NORMAL – Twin brothers Luke and Brett Hanson discovered early on in life that they liked running. Whether it was for fun or in competitions, the two boys who will be seniors next year at Normal Community High School found they had an affinity for the sport. They further discovered that when they were an age they could become part of Special Olympics, they could show they had a skill which would potentially win medals for doing so.

And they’ve been doing it for a number of years now. This past weekend at Special Olympics State Summer Games on Illinois State University’s campus was no different. Luke took home a 6th place ribbon in mini-javelin, and gold in the 3,000 meter run. Brett took third place in the 1,500 meter run and third place in the running long jump. Together, the pair earned silver medals in the 4×400 Relay, where Brett led off the race for his team from Bloomington-based Special Opportunities Available in Recreation (SOAR), and Luke served as the team’s anchor man, running fourth.

Teams receiving gold medals at Area G Special Olympic Spring Games in April, held in East Peoria, qualified to compete at State Summer Games.

“It helps that I start because I’m fast,” Brett Hanson explained. And running as the last part of the relay helps him, Luke added.

“It’s so exciting to watch them run,” said the twins’ mother, Lori Hanson, who along with husband, Greg Hanson, appear to enjoy watching their sons compete. “This is just an extension of another track activity the boys have.”

That extension is that Brett and Luke are members of the cross country team at their high school, Normal Community High School. They were also on the track team for the three years they were at their junior high school, George L. Evans Junior High School, as well. In fact, at NCHS, they have a set of twins coaching the track team. That would be brothers Tom and Dennis Patten.

The guys say they also enjoy being part of NCHS’ “Run Club,” a type of warmup to getting ready for the track season. In cross country, their mother added, her boys finish at around the 20 minute mark.

Lori Hanson said she hopes her boys, who have been involved with Special Olympics since they were 8-year-olds, will be able after high school to join a run club within the community to be able to continue their pursuit of running for just the enjoyment of it.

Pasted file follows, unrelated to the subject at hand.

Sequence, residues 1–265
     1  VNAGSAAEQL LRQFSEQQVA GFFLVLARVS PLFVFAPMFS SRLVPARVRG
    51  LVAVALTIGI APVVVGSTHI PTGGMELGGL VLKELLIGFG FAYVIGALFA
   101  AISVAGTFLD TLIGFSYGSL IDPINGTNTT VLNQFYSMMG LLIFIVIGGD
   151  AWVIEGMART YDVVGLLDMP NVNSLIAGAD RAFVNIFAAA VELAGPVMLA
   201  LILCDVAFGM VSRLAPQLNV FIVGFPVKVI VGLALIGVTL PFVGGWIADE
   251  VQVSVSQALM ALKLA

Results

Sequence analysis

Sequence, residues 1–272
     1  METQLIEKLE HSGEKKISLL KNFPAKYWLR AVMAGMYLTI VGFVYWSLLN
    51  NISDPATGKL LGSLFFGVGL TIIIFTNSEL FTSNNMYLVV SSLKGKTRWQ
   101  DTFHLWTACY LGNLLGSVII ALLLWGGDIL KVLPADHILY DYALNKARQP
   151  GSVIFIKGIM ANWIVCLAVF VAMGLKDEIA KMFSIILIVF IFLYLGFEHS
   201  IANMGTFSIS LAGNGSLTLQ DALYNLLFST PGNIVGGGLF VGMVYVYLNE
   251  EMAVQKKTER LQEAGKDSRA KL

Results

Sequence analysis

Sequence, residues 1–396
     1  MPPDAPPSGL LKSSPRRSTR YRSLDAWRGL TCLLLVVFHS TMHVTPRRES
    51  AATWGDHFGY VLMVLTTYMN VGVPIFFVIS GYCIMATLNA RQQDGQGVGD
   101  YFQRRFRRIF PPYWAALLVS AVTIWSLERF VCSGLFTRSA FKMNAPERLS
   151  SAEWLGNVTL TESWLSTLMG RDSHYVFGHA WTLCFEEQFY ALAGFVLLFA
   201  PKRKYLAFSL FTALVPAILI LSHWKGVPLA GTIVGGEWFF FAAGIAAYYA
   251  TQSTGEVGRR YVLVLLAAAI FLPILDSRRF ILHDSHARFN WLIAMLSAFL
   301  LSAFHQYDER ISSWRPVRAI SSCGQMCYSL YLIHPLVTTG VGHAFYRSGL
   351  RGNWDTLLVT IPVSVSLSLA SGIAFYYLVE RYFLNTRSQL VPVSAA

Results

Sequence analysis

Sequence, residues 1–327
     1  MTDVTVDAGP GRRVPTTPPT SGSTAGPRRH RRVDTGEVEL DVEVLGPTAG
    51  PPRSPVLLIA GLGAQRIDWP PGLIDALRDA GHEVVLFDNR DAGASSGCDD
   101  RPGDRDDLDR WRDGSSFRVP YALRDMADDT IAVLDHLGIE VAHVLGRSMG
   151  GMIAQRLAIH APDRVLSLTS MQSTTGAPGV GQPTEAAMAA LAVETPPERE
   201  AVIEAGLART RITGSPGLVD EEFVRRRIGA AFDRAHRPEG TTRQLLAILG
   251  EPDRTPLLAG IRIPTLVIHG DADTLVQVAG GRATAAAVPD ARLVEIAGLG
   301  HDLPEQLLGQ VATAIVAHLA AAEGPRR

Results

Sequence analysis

When the twins got involved in Special Olympics, they took to running competitions almost immediately, their mother said. “It’s always been running,” Lori Hanson said. “They put them in just doing the short distance runs, and as they got older and stronger, and got more stamina, they just started running long distance races.”

The Hanson boys say they have gotten numerous compliments from runners from other schools for how well they compete. “It makes my brother and I feel good inside,” Brett Hanson said.

“They have a lot of energy and a lot of endurance,” said the Hansons’ track coach, Julie Smith, who is a volunteer track coach for SOAR. SOAR is funded jointly by the Parks and Recreation Departments of the City of Bloomington and the Town of Normal.

Smith said the twins’ cross country activity and their parents’ encouraging being active have contributed to why the boys do as well as they do on the track. “Plus, they are naturally athletic, being lean muscular runners.”

Track events are but one of the events more than 4,000 athletes and Unified Partners competing in 6 different sports were able to participate in. They were joined by 1,600 coaches and 2,000 volunteers to make to make the event a success, as roughly 3,300 family members cheered for their athletes. Competition was offered in athletics, bocce, Unified bocce, gymnastics, football (soccer), powerlifting and swimming (aquatics).

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